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Friday prayers

Religion | Muslims gather for the first time ever to pray in front of the U.S. Capitol, but not without controversy

WASHINGTON-Muslims gathered today at the west front of the U.S. Capitol for traditional Friday prayers, men on one side, women on the other. Several thousand touched their heads to the ground facing east as the prayer call sounded over the lawn. "Allah akbar," the voice began-"Allah is great."

Organizers described the event as a showcase for the "peace, beauty, and solidarity of Islam," but that was overshadowed by criticism concerning one of the main organizers, Hassen Abdellah, who served as a lawyer for several convicted Islamic terrorists who were involved in the 1993 and 2001 attacks on New York's World Trade Center.

In court, Abdellah defended Mahmud Abouhalima, who was convicted of the 1993 World Trade Center bombing and is serving a life sentence without parole. Abdellah also served as a lawyer to Mohamed el-Atriss, a man convicted of selling fake IDs to two of the Sept. 11 hijackers.

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"I represent all kinds of people; that is what lawyers do," Abdellah told The Washington Times. "We protect the Constitution by representing the rights of people who no one else wants to deal with."

It's easy to speculate that Abdellah's involvement may be the reason why prominent organizations like the Council on American-Islamic Relations declined to participate publicly in the event.

Among the Muslims who did attend, there was confusion about its origins. Some asserted that President Obama had organized it.

"How else do you think we could be here for prayer on Capitol Hill?" asked Safiyyah Saadiq, who drove down from Atlantic City, N.J.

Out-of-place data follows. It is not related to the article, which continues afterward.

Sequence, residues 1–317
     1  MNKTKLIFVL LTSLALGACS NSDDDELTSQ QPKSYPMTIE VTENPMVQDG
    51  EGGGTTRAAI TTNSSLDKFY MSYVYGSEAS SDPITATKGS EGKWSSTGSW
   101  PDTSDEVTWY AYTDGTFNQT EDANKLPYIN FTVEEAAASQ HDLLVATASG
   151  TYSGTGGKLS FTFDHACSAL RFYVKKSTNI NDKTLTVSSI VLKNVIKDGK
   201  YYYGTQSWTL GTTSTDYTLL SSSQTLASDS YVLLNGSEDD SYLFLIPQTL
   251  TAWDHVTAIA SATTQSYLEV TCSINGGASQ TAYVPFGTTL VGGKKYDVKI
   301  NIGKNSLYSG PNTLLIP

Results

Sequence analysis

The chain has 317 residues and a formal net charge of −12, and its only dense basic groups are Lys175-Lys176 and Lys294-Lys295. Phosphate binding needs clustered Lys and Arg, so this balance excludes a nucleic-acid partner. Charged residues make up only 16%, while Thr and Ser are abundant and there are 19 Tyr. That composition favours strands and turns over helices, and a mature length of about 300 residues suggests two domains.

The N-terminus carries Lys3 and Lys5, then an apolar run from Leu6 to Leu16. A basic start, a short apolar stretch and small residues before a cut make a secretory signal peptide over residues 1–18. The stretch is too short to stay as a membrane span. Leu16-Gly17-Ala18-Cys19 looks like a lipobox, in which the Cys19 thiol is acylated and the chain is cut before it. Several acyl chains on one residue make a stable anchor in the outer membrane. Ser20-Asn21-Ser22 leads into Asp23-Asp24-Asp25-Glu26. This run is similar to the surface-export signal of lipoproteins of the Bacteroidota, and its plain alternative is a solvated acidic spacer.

A few minutes later, Johari Abdul-Malik, director of outreach at Dar Al Hijrah, the Washington area's largest mosque, denounced rumors that the president had organized the event. "I wish he had," he said, adding that Obama's campaign had inspired him to "campaign for Muslims."

"This is your country," Malik said to his audience. "They respect you more than you know. You have friends. Allah will make friends for you in high places. . . .

"What we have done here today, you could not do in any Muslim country," Malik declared, to scattered applause and a little uneasiness, as he went on to talk about the American legacy of the separation of church and state. Sheikh Muhammed Jebril, once an imam in Cairo, Egypt, recited portions of the Quran along with Sheikh Ahmed Dewidar, who stood with President Bush at Ground Zero and condemned the 9/11 attacks on behalf of the Muslim community.

The Web site for the prayer event is designed in red, white, and blue, and features an American flag and a call to prayer playing in the background. The slogan, "Our time has come" is on display along with a promise of 50,000 in attendance-a turnout that was not realized. Busloads of people were probably "stuck in traffic," said Saadiq. Scores of Capitol police officers dotted the west lawn, more than usually appear at rallies. The officers were expecting to be dealing with a larger crowd.

Muslim blogger Sheila Musaji of The American Muslim commented that the event was "not well thought out." Very little information was provided about the event itself, she said, adding that the terminology like "our time has come" could be "misleading," and that it was planned too close to the anniversary of 9/11.

Several Christians showed up to protest the prayer-shouting through bullhorns about the evils of Islam. One man stood on a street corner yelling verses from Isaiah. Other quieter demonstrators handed out copies of Romans and John translated into Arabic. "Are you against the Muslims?" asked one man. "No, we're for Jesus," replied the man handing out Bibles.

The National Clergy Council and Christian Defense Fund welcomed Abdellah to the Hill at a Tuesday reception.

"The church should not run from Muslims in America but begin reaching out with God's love," said Rev. Patrick Mahoney of the Christian Defense Fund at the reception.

Others disagreed. The prayer was "part of a well-defined strategy to Islamize American society," said Rev. Canon Julian Dobbs, head of the Convocation of Anglicans in North America's Church and Islam project, in a statement.

"Nothing is in our heart to hurt this country," said Malik.

Emily Belz
Emily Belz

Emily, who has covered everything from political infighting to pet salons for The Indianapolis Star, The Hill, and the New York Daily News, reports for WORLD from New York City. Follow Emily on Twitter @emzleb.

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